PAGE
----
Aircraft carriers function as seagoing airbases, with a flight deck and facilities for transporting, arming, deploying, and recovering aircraft. They are typically the capital ships of a fleet because they project air power around the world without relying on local bases for operational support. But did you know that the US only started with 4 airplanes during World War II?
The United States entered World War II with only four aircraft carriers and finished the war with nearly 100 carriers of all classes and types.
World War Aircraft Carriers
During a war, an aircraft carrier serves many purposes. Consider it a floating city from which planes can depart, supplies can be moved, servicemen and women can be relocated in times of need, and planes can land. An aircraft carrier is a large ship carrying military aircraft with a long, flat surface where they can take off and land.
Because most aircraft during WWII could only carry a small amount of fuel, flying to where they were needed was only sometimes practical. A carrier could bring the planes much closer to the battleground. (Source: History For Kids)
Aircraft Carrier History
The HMS Hermes, for the British Navy, was the first aircraft carrier to be built. This started in 1918. It was, however, commissioned or sent out for work in February 1924. The Japanese began construction on the Hsh carrier in 1919, but it was completed in December 1922. As a result, the Hosho is regarded as the first aircraft carrier.
Japan had the most carriers by 1941, with nine in use. The largest Japanese aircraft carriers, known as the Kaga and Akagi, could hold up to 90 planes. (Source: History For Kids)
Aircraft Carriers and Pearl Harbor
The Allies possessed some excellent aircraft carriers. The largest aircraft carriers, such as the Enterprise, were over 245 meters long and 30 meters wide and transported an incredible 1000 crew members. British carriers, such as the Ark Royal, and large carriers from the United States, such as the Enterprise, could move up to 100 planes on their decks.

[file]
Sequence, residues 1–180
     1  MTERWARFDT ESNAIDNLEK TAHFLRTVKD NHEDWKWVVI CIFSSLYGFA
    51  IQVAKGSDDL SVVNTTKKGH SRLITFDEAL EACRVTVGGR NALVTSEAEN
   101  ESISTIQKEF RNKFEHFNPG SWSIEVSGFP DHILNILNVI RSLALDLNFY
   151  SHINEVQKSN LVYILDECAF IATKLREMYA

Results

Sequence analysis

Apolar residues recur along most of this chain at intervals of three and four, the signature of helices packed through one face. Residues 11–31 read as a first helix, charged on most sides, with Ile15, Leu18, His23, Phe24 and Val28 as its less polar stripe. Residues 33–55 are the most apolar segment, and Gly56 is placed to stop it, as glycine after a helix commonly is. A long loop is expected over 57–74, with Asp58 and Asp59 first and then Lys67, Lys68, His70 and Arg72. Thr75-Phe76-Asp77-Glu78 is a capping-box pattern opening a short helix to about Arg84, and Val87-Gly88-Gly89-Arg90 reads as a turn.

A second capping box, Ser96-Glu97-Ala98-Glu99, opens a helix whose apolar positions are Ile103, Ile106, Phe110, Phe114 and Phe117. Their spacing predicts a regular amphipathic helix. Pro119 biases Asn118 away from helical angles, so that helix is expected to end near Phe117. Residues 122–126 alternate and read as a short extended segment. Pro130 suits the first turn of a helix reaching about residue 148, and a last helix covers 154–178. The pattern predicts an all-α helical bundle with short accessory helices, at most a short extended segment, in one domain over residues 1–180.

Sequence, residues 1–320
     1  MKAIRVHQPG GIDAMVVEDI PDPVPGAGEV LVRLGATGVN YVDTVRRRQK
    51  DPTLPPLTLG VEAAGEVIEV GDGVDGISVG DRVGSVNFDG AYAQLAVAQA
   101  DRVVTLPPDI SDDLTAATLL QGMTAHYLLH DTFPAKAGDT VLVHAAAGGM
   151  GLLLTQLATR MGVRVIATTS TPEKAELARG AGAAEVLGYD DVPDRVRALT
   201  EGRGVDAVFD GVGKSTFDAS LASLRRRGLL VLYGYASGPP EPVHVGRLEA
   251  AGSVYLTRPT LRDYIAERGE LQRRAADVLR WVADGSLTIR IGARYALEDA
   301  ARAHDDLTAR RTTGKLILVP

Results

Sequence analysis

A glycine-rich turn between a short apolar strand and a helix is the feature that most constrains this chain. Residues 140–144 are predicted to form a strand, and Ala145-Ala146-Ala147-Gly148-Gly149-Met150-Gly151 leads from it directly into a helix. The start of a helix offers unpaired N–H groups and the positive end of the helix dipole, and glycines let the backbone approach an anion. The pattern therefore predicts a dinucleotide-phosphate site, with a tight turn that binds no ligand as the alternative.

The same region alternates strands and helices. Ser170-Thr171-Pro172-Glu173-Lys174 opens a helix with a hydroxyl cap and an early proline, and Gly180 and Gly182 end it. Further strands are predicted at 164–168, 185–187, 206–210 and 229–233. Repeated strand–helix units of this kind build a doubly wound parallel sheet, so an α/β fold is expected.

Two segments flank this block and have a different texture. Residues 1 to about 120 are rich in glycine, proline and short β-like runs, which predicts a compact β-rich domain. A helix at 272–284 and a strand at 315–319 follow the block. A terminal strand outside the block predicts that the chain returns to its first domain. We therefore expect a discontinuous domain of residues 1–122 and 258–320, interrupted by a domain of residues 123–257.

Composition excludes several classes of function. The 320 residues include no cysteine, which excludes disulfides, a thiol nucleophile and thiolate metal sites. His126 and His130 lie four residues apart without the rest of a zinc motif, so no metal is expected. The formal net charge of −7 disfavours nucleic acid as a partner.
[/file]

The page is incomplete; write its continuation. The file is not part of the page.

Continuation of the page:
An aircraft carrier’s impact was first noticed following the Japanese attack on Pearl Harbor. Hundreds of planes had been brought in by Japanese carriers, who then took off to bomb Pearl Harbor. The six carriers, Akagi, Kaga, Sry, Hiry, Shkaku, and Zuikaku, brought 408 planes to an area northwest of Hawaii for the six carriers to take off and then attack.
Destroyers usually escorted Carriers to their destinations. Carriers often moved slowly and could be a good target for the enemy, so Destroyers and, on occasion, Battleships could protect them.
With the advent of World War II, the number of planes and men that could be transported increased as vessels grew in size. The plane wings were then designed to fold up, allowing more planes to be loaded onto the carrier. The Allies and Axis increased the number of carriers in their respective fleets. During the war, the United States had 36 carriers, the Royal Navy had 24, the French had one, the Japanese had over 40, and Germany had one called the KMS Graf Zeppelin. (Source: History For Kids)